TITLE: Novel Management Strategy for Coronary Steal Syndrome: Case Report of Occlusion of a LIMA Graft Side Branch with a Combination of Drug-Eluting and Covered-Stent Deployment
From the Department of Interventional Cardiology, Cork University Hospital, Wilton, Cork, Ireland. The authors report no conflicts of interest regarding the content herein. Manuscript submitted April 28, 2009, provisional acceptance given May 18, 2009, and final version accepted June 12, 2009. Address for correspondence: Brian G. Hynes, MD, Department of Interventional Cardiology, Cork University Hospital, Wilton, Cork, Ireland. E-mail address: email@example.com
ABSTRACT: We report a novel percutaneous therapeutic approach to the management of suspected coronary artery steal syndrome resulting from a large side branch of the left internal mammary artery bypass graft, using a combination of coated and drug-eluting stents. We demonstrate the feasibility and long-term efficacy of this strategy in a case report.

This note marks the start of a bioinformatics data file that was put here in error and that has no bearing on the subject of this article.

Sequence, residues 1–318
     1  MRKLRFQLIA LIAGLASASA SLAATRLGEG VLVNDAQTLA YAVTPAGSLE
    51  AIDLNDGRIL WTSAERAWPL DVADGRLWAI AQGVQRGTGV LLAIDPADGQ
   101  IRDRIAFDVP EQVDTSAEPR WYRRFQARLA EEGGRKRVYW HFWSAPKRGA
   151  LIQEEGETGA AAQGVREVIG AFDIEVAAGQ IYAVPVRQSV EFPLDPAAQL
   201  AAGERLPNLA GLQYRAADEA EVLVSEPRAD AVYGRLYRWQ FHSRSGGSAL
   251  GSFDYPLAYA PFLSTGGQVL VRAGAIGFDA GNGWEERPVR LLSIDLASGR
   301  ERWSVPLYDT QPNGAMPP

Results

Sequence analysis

J INVASIVE CARDIOL 2009;21:E218–E220 Key words: coronary steal syndrome; left internal mammary artery graft; percutaneous coronary intervention The left internal mammary or thoracic arterial (LIMA) graft confers substantial advantages in terms of long-term patency and survival benefit in patients undergoing coronary artery bypass grafting surgery (CABG).1 Almost 10% of LIMA grafts may possess large side branches.2 The ability of a large left internal mammary arterial graft side branch to induce a true myocardial steal syndrome remains controversial. A number of case reports document successful attenuation of anginal symptoms following termination of blood flow in the culprit side branch.3–6 However the physiological reasoning behind this category of myocardial steal together with the hemodynamic implications of LIMA side-branch occlusion have been questioned.7–9 Furthermore, it has been suggested that true blood-flow diversion from the targeted coronary circulation in the presence of a LIMA side branch may occur only when there is coexisting angiographic stenosis (≥ 80%) in the subclavian artery.10,11 More recently, the case in favor of LIMA side-branch occlusion has been advanced by demonstration of myocardial ischemia reversal with termination of side-branch patency.12,13 We report a novel approach to LIMA side-branch occlusion, and demonstrate continued LIMA graft patency after a 2-year follow-up period. Case Presentation. In January 2007 a 60-year-old male was referred for coronary angiography and graft studies following a 2-week history of chest pain consistent with crescendo angina. On admission he had Canadian Cardiovascular Scale Class 3 angina. He had previously undergone three-vessel CABG 13 years prior to presentation. In addition, he had dyslipidemia and mild chronic obstructive airways disease. Diagnostic coronary angiography performed via the right femoral artery demonstrated severe native-vessel disease in the proximal right, left circumflex, and left anterior descending (LAD) coronary arteries. The saphenous vein graft (SVG) to the circumflex marginal system was occluded at its origin. The SVG to the distal RCA was severely and diffusely diseased throughout. The LIMA to the distal LAD had undergone subtotal occlusion in the 5 days between the initial diagnostic angiogram performed at the referring institution and the current study (Figure 1). Given the large caliber of the LIMA side branch (Figure 1), it was felt that this may have been a contributing factor in the relatively poor LIMA-LAD graft development and LAD territory ischemia. Following consultation with the patient and a cardiothoracic surgeon, the decision was taken to attempt side-branch occlusion with subsequent angioplasty and stenting to the LIMA-LAD graft insertion site. The patient had been adequately pretreated with dual antiplatelet therapy. A total of 8,000 units of unfractionated heparin were administered intra-arterially. The origin of the LIMA graft was selectively engaged using a 6 French (Fr) IMA guide catheter and a PT Graphix Intermediate 0.014 inch guidewire (Boston Scientific Corp., Natick, Massacusetts) was advanced beyond the origin of the LIMA side branch. Under fluoroscopic guidance, a 3.0 x 12 mm polytetrafluoroethylene (PTFE)-covered stent (Jostent, Abbott Vascular, Redwood City, California) was advanced into the LIMA (Figure 2) and deployed at 12 atmospheres (atm) of pressure, ensuring complete occlusion of the side branch (Figure 3A). Re-check angiography suggested an edge dissection just distal to the deployed covered stent. In addition the proximal end of the stent appeared to be undersized. Two Xience V everolimus-eluting stents (Abbott Vascular), a 3.5 x 15 mm and a 3.0 x 23 mm, were then deployed at 14 atm to cover the proximally and distally to the Jostent (Figure 3B). The stenosis at the LIMA-LAD insertion site was then intervened upon with successful deployment of a 2.5 x 18 mm Xience V stent to 14 atm. This led to an immediate increase in flow of contrast to the distal graft and LAD. Finall,y a 2.5 x 18 mm Xience V was deployed following inflation to 14 atm at the stenosis beyond the graft insertion point in the native artery. An excellent final angiographic result was obtained (Figures 4 A–C), and the femoral arteriotomy site was sealed with a standard 6 Fr Angio-Seal closure device (St. Jude Medical, Inc., St. Paul, Minnesota). After the procedure the patient had a significant reduction in his anginal symptoms and a greatly increased exercise tolerance. In February 2009 the patient underwent repeat coronary angiography after an episode of suspected angina. This demonstrated widely patent proximal and distal LIMA stents with complete occlusion of the LIMA side branch. There was mild in-stent restenosis evident in the proximally placed LIMA stents (Figures 5A and B). There was little progression of atherosclerotic disease elsewhere, and the patient was managed by optimization of his anti-anginal and secondary preventative medications. Discussion. In this case report we discuss the technical feasibility of LIMA side-branch occlusion using a covered-stent system. In addition we demonstrate 2-year patency following immediate drug-eluting stent (DES) deployment within the PTFE-covered stent. We elected to provisionally cover the Jostent with a DES in a bid to reduce the risk of restenosis after an edge dissection became apparent following covered-stent deployment. This newer-generation everolimus-eluting stent has been shown to be particularly useful in the treatment of bare-metal stent (BMS) in-stent restenosis.14 Higher rates of neointimal proliferation have been reported with the use of PTFE stent systems,15 though restenosis rates were comparable with BMS in a randomized study of SVG intervention.16 The occlusion of a LIMA side branch using this approach offers an alternative to other available percutaneous strategies such as coil embolization5,17 and nitinol expanding devices,13 or indeed surgical ligation.18 The successful utilization of microcoils to occlude the LIMA side branch requires adequate sizing and careful delivery to avoid trauma to the LIMA itself.19 We have demonstrated the technical feasibility and long-term patency of this approach, which may avoid some of the complications associated with coil embolization. Potential disadvantages of this approach include the higher costs associated particularly with DES implantation and concerns regarding the risk of late acute stent thrombosis.20 Conclusion. The combination of a PTFE-covered stent and DES may provide an alternative strategy to LIMA side-branch occlusion in patients with suspected coronary steal syndrome.